Home > Storing Produce > Storing Fruit and Vegetables for Longer

Storing Fruit and Vegetables for Longer

By: Anna Hinds BA (hons) - Updated: 4 Oct 2012 | comments*Discuss
 
Storing Fruit Vegetables Increased

When you’ve grown your own fruit and vegetables, you’ll need to know a thing or two about storing them. There’s nothing worse than finding that your lovingly-grown parsnips have gone woody in the ground or that your precious apple crop has rotted before you got through it all. This is vital stuff for any vegetable grower. And if you’re aiming for full or partial self-sufficiency, understanding storage methods will give your crops an increased value. Here are our top tips for storing fruit and veg for longer.

Freezing Vegetables

If you are taking a self-sufficient approach, your freezer becomes – first and foremost – a place to store ready-chopped vegetables. Ready-meals and frozen chips have no place here; relegate sausages and ice trays to one drawer and dedicate the rest to your homegrown vegetables. French beans, runner beans and carrots – good summer crops – can be prepared and frozen in single-portion bags (not boxes, which take up more space). If you have space for an additional chest freezer in the garage or shed, even better.

Freezing Fruit

Raspberries, blueberries, cherries, redcurrants and blackcurrants will freeze nicely if you use the open-tray method. Arrange them on a baking sheet (pitting cherries first), so the berries are not touching, and pop into the freezer for a few hours. When they’re hard, tumble them into sandwich bags and return to the freezer – this technique keeps them from becoming a solid lump of berry mush. Strawberries don’t freeze very well in this way. Apples, plums and rhubarb are better cooked first and then frozen. Soften them with a little brown sugar then freeze and they’re ready to turn into crumbles or pies later in the year.

Storing Root Vegetables

Any root vegetables that you have not heeled in (see article on heeling in) can be stored in a cool, sheltered place like a shed, porch or garage. You will need old wooden boxes (the type that apples arrive at the grocer’s in – try asking around), newspaper, sand, and a place to stack them all. A chest-of-drawer type arrangement works well. Brush off the loose soil from your carrots, parsnips, turnips and swedes. Put a layer of newspaper in the bottom of a wooden box and add a layer of sand, then arrange the roots on top. Cover completely with sand and keep the vegetables cool. Check for signs of rot now and again.

Storing Onions and Garlic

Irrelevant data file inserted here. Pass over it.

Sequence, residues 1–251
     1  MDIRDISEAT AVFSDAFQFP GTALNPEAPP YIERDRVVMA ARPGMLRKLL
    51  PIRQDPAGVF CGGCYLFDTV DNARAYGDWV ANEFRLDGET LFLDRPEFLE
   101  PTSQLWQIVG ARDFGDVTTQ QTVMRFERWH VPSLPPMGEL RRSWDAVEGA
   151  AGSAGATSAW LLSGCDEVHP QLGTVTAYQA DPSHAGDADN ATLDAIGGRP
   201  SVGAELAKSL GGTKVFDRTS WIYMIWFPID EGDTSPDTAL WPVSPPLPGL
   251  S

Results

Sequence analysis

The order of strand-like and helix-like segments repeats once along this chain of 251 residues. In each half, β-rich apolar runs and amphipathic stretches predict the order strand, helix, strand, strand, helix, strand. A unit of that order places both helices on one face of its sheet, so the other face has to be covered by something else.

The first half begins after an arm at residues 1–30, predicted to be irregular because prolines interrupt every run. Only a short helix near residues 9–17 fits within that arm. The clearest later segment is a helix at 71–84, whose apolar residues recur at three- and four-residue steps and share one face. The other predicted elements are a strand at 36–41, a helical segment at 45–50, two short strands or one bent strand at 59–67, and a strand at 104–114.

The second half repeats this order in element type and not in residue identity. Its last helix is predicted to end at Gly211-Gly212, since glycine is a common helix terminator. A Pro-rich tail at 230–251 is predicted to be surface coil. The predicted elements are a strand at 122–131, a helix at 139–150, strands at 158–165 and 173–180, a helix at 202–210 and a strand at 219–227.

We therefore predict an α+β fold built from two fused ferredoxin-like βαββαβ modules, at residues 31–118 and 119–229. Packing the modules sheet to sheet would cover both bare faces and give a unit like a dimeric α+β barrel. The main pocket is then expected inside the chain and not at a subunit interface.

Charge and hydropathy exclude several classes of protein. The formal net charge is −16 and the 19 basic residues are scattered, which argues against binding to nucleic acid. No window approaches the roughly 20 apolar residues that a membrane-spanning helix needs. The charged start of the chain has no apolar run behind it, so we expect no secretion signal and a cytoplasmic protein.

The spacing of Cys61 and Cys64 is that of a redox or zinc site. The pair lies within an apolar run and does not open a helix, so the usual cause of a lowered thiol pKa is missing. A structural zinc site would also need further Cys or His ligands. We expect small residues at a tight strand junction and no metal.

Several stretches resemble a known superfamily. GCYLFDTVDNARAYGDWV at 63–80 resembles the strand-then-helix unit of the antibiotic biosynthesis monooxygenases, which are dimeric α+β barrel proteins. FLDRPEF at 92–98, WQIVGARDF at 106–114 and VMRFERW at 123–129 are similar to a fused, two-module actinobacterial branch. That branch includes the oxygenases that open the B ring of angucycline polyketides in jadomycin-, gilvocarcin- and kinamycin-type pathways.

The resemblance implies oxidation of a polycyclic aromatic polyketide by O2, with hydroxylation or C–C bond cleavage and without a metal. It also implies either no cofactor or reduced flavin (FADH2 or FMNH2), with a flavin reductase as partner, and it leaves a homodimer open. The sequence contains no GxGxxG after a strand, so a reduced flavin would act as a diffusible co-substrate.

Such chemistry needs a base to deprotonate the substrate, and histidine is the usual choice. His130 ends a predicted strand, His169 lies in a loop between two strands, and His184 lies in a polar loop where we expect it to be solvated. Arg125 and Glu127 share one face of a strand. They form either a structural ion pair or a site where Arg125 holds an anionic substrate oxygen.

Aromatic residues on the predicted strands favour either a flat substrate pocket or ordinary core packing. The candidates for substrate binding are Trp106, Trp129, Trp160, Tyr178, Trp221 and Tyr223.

The old idea of storing garlic hung from a plait in the kitchen is a nice thought, but it doesn’t work, the humidity and heat in a modern kitchen will cause the garlic to rot too quickly. The key to storing onions and garlic is to ensure that they have been thoroughly dried in the first place. Give them a couple of weeks laid out in the sun, bringing them in at night and during showers. When the skins are thickly papery, you can trim the stems and store the onions and garlic heads in string bags – again, choosing a cool, sheltered, shady place (a shed or garage is perfect).

You might also like...
Share Your Story, Join the Discussion or Seek Advice..
Why not be the first to leave a comment for discussion, ask for advice or share your story...

If you'd like to ask a question one of our experts (workload permitting) or a helpful reader hopefully can help you... We also love comments and interesting stories

Title:
(never shown)
Firstname:
(never shown)
Surname:
(never shown)
Email:
(never shown)
Nickname:
(shown)
Comment:
Validate:
Enter word:
Latest Comments
  • StoringAndFreezing
    Re: How to Freeze Cakes and Baked Goods
    Mimi - Your Question:I have two large birthday cakes with traditional icing on and jam and sweet vanilla buttercream in…
    5 April 2017
  • Mimi
    Re: How to Freeze Cakes and Baked Goods
    I have two large birthday cakes with traditional icing on and jam and sweet vanilla buttercream in centre. Will it…
    2 April 2017
  • StoringAndFreezing
    Re: Defrosting Food Safely
    Helen - Your Question:How long after defrosting pre cooked chicken, can you then safely store it in the fridge before eating it?
    3 November 2016
  • Helen
    Re: Defrosting Food Safely
    How long after defrosting pre cooked chicken, can you then safely store it in the fridge before eating it?
    3 November 2016
  • StoringAndFreezing
    Re: Understanding 'Use By' Dates on Your Food
    Rod - Your Question:Hi. I have some stewing steak that is on its use by date which is today 11/10/16. I have just…
    12 October 2016
  • Rod
    Re: Understanding 'Use By' Dates on Your Food
    Hi. I have some stewing steak that is on its use by date which is today 11/10/16. I have just frozen it and would…
    11 October 2016
  • Eileen 20
    Re: Recipes for Cakes to Freeze
    Can I freeze carrot and walnut cake made with veg oil
    16 September 2016
  • StoringAndFreezing
    Re: What's The Best Way to Cook and Freeze Stew or Casserole?
    SC - Your Question:Does blending cooked food before freezing it compromise its nutritional…
    17 August 2016
  • StoringAndFreezing
    Re: How to Pickle Onions
    chappers - Your Question:I put two jars of pickled onions home made in the fridge on the23/12/15 I want to keep them till this christmas…
    14 June 2016
  • chappers
    Re: How to Pickle Onions
    i put two jars of pickled onions home made in the fridge on the23/12/15 i want to keep them till this christmas 25/12/16 is that ok please…
    12 June 2016
  • Further Reading...
    Our Most Popular...
    Add to my Yahoo!
    Add to Google
    Stumble this
    Add to Twitter
    Add To Facebook
    RSS feed
    You should seek independent professional advice before acting upon any information on the StoringAndFreezing website. Please read our Disclaimer.